Evolution and Magnitudes of Candidate Planet Nine
Linder et al
Given the recently renewed interest in a possible additional major body in the outer Solar System, the thermodynamic evolution of such an object was studied, assuming that it is a smaller version of Uranus and Neptune. Aims. We have modeled the temporal evolution of the radius, temperature, intrinsic luminosity, and the black body spectrum of distant ice giants. The aim is to provide also estimates of the magnitudes in different bands to assess the object's detectability.
Simulations of the cooling and contraction were conducted for ice giants with masses of 5, 10, 20, and 50 Mearth containing 10, 14, 21, and 37 % H/He in mass that are located at 280, 700, and 1120 AU from the Sun. The core composition was varied from purely rocky to purely icy as well as 50% rock and 50% ice. The atmospheric opacity was set to 1, 50, and 100 times solar metallicity.
We find for the nominal 10 Mearth planet at 700 AU at the current age of the Solar System an effective temperature of 47 K, much more than the equilibrium temperature of about 10 K, a radius of 3.7 Rearth, and an intrinsic luminosity of 0.006 Ljupiter. It has estimated apparent magnitudes of Johnson V, R, I, L, N, Q of 21.7, 21.2, 20.8, 20.1, 19.7, and 11.4, and WISE W1-W4 magnitudes of 20.1, 20.0, 19.5, and 10.4. The Q and W4 band and other observation longward of ~13 microns pick up the intrinsic flux.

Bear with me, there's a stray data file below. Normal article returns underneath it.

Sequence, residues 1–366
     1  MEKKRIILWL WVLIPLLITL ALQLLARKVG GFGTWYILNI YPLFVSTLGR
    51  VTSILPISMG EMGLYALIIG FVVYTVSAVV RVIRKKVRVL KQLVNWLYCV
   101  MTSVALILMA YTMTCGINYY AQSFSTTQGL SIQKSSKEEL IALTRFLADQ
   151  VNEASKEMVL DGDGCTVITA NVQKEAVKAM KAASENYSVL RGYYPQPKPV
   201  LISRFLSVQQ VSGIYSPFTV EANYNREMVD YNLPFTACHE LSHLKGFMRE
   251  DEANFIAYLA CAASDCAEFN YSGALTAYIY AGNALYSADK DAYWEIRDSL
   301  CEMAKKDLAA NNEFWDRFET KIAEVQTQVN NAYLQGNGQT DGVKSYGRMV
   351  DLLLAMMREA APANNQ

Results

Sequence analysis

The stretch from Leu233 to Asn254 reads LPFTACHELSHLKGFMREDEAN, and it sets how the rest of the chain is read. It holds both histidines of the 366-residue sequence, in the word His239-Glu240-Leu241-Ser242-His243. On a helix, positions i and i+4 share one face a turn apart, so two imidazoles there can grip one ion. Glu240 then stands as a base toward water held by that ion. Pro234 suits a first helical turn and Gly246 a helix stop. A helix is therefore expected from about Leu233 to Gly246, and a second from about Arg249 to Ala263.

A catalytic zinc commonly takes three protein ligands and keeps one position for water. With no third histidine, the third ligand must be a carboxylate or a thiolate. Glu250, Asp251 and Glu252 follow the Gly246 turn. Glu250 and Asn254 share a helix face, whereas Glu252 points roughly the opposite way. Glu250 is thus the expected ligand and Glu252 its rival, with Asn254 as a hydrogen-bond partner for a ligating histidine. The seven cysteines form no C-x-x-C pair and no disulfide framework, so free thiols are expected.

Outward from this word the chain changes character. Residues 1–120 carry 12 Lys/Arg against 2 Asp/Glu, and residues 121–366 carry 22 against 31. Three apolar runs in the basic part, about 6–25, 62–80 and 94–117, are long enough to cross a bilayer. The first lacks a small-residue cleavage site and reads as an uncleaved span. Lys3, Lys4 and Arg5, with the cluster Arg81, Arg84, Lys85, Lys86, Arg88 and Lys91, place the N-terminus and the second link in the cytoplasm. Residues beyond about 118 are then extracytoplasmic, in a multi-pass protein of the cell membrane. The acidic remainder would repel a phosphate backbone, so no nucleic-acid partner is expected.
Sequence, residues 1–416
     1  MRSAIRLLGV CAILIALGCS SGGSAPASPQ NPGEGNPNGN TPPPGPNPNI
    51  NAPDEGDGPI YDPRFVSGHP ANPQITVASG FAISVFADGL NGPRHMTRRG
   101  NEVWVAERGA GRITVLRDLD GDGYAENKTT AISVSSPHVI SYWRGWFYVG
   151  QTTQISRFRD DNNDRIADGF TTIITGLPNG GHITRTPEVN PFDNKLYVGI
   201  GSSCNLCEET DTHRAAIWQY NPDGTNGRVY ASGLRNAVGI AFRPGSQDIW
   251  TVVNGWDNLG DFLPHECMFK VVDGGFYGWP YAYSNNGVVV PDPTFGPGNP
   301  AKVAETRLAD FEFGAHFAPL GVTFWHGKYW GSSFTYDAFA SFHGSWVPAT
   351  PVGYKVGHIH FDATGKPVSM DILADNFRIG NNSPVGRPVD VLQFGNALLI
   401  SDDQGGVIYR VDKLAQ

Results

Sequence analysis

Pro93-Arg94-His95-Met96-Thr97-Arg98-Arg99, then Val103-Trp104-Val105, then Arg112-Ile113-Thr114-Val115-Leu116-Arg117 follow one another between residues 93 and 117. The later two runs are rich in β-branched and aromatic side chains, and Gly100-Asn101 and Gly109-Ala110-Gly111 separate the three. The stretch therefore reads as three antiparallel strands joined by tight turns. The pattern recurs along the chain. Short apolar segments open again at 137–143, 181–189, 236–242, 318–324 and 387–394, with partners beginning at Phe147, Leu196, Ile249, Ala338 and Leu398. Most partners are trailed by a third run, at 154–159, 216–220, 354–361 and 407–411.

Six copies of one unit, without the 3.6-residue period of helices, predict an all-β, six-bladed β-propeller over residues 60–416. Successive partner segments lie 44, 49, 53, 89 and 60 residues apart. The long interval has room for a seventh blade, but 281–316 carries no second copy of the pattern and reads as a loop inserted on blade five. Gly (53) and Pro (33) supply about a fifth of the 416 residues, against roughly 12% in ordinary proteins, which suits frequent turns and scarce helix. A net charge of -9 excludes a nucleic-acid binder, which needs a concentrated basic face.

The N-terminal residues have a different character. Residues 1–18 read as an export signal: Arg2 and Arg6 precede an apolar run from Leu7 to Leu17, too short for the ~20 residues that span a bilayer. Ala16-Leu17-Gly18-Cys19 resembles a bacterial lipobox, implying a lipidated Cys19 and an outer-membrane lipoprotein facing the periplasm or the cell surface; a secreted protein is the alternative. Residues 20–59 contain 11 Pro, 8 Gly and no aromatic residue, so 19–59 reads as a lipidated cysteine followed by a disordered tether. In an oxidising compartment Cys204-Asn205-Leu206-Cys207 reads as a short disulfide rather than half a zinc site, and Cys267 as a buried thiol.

If candidate Planet 9 has a significant H/He layer and an efficient energy transport in the interior, then its luminosity is dominated by the intrinsic contribution, making it a self-luminous planet. At a likely position on its orbit near the aphelion, we estimate for a mass of 5, 10, 20, and 50 Mearth a V magnitude from the reflected light of 24.2, 23.7, 23.2, and 22.5 and a Q magnitude from the intrinsic radiation of 15.6, 12.4, 9.8, 6.2. The latter would probably have been detected by past surveys.